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Romney attacks Obama’s education policy

Global news, US

WASHINGTON: Calling it a “national education emergency,” Mitt Romney said Wednesday that poor and disabled children should be allowed to escape failing public schools by using federal dollars to pay for private schools and other alternative settings.
Under a banner that read “A Chance for Every Child,” the likely GOP presidential nominee seized on K-12 education, an area that had so far been overlooked on the campaign trail. It is also considered one of President Barack Obama’s strengths, bringing him more bipartisan support than any other issue and winning him accolades from Republican governors such as Chris Christie of New Jersey and John Kasich of Ohio.
Romney borrowed from Obama, calling education “the civil rights issue of our era,” but then tried to draw a sharp contrast, saying the president was beholden to teacher unions and blaming him for escalating college costs, among other things.
During a speech before the Latino Coalition’s Annual Economic Summit in Washington, Romney said he would “do everything in my power to reverse this decline” in America’s schools, adding that if it were not for the economic recession and housing crisis, education would be “the great cause of this campaign.”
Romney said he wanted to expand choices for families so that children can flee failing schools. His campaign released a white paper highlighting his support for federal vouchers — a plan to reroute tax dollars sent to public schools to help educate poor and disabled children and instead let those dollars follow the children to private schools. The federal government will spend $48.8 billion this year to help educate poor and disabled children.
Progressive groups said Romney’s approach would return the country to the days without accountability. “We have a long history in this country, and you can see it in the civil rights struggle to desegregate schools, of states and districts not doing anything to provide an equal educational opportunity for all students,” said Cynthia Brown of the Center for American Progress.
Romney slammed the Obama administration for failing to fund next year’s budget for the D.C. Opportunity Scholarship Program, created by Congress in 2004 as the first and only program to provide federal money for private school vouchers for low-income children. He said he wanted to expand the city’s voucher program to make it a “national showcase.”
A 2010 study by the U.S. Department of Education found “no conclusive evidence” that the program improved achievement, noting that students with vouchers had reading and math test scores that were statistically similar to those without them, although they were more likely to graduate high school.
Congressional supporters of the program, including House Speaker John Boehner, R-Ohio, and Sen. Joseph Lieberman, I-Conn., have been pushing the administration to fund the vouchers.
But Obama believes vouchers drain needed resources from public schools and do not help most students, James Kvaal, policy director for the Obama campaign, told reporters Wednesday. “Vouchers, which might serve a small number of students, will do nothing for the vast majority of students left behind in public schools,” he said.
Teacher unions are steadfastly opposed to vouchers.
“What Romney fails to understand is that when teachers and public schools have the resources they need, students win,” said Randi Weingarten, president of the American Federation of Teachers. “Real public education improvement comes from teachers, administrators, parents and communities rolling up their sleeves and working together to help all kids, not just some kids, succeed.”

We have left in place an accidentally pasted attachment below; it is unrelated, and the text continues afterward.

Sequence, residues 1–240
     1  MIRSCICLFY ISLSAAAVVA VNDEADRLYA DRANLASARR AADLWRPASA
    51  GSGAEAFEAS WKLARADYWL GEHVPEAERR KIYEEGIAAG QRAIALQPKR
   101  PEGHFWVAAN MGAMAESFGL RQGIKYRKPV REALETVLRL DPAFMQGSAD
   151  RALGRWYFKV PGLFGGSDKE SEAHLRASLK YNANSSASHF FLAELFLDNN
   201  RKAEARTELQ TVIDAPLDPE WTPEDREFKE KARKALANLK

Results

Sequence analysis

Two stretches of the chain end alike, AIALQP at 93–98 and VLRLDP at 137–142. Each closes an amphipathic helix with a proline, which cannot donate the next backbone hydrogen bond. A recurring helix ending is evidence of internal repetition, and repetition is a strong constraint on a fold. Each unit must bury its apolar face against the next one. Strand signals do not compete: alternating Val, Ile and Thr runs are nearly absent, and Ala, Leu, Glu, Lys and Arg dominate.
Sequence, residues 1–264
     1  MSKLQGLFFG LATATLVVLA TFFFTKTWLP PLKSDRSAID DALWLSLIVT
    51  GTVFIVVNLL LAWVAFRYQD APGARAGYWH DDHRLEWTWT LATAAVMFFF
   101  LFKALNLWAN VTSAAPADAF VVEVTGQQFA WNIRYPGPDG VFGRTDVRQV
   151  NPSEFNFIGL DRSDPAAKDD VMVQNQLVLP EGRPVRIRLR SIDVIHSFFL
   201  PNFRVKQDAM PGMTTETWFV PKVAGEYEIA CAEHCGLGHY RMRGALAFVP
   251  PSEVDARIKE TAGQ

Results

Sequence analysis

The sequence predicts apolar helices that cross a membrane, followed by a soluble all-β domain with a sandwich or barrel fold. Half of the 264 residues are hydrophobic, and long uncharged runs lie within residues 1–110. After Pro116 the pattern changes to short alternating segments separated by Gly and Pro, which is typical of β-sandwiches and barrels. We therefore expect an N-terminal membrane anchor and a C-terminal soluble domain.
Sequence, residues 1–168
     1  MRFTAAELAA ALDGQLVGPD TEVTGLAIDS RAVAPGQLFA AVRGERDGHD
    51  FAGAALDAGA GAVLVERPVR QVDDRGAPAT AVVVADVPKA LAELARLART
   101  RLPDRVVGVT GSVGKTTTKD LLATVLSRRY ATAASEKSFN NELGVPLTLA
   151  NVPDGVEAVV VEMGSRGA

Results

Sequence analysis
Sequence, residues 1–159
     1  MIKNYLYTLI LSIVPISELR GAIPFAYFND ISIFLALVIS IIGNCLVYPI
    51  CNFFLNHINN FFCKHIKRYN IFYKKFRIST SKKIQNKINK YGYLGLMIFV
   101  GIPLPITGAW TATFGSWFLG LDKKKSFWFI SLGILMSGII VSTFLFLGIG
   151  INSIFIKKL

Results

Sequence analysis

Vouchers, an idea that has floated around for decades, began gaining traction across the country in 2010 after Republicans took majorities in several states. Louisiana, Indiana and other states have passed voucher programs that allow poor and even middle-income children to use state tax dollars toward private school tuition. Some legal challenges have arisen regarding the constitutionality of giving public dollars to private religious schools.
The Friedman Foundation for Educational Freedom, created by the late economist and free market advocate Milton Friedman, welcomed the injection of vouchers into the presidential campaign. “If you want to dramatically improve education, you have to give all parents the freedom to choose,” said Susan Meyers, a spokeswoman for the foundation.
In his speech, Romney lashed out at teacher unions, which he said were entrenched interests opposed to common-sense reforms.
“When your cause in life is preventing parents from having a meaningful choice or children from having a real chance, then you are on the wrong side,” Romney said. “You might even be in the wrong vocation, because good teachers put the interests of children first.”
Earlier this week, Romney announced a team of education advisers that included Rod Paige, the former education secretary who drew fire in 2004 when he called the National Education Association, the largest teacher union, a “terrorist organization.”
Romney also attacked Obama for his connection to the politically powerful unions, saying that the president is talking about reform while “indulging” the groups that are blocking it. “He can’t be the voice of disadvantaged public school kids and the protector of special interests,” Romney said. “We have to stop putting campaign cash ahead of our kids.”
Leaders of the teacher unions were attending a conference Wednesday about ways to work with management to improve schools. “His speech demonstrates a complete disdain for public schools and educators, ” said NEA President Dennis Van Roekel. “… He’s completely out of touch with what is happening in schools and classrooms across the country.”

Daily Herald, 23 May 2012


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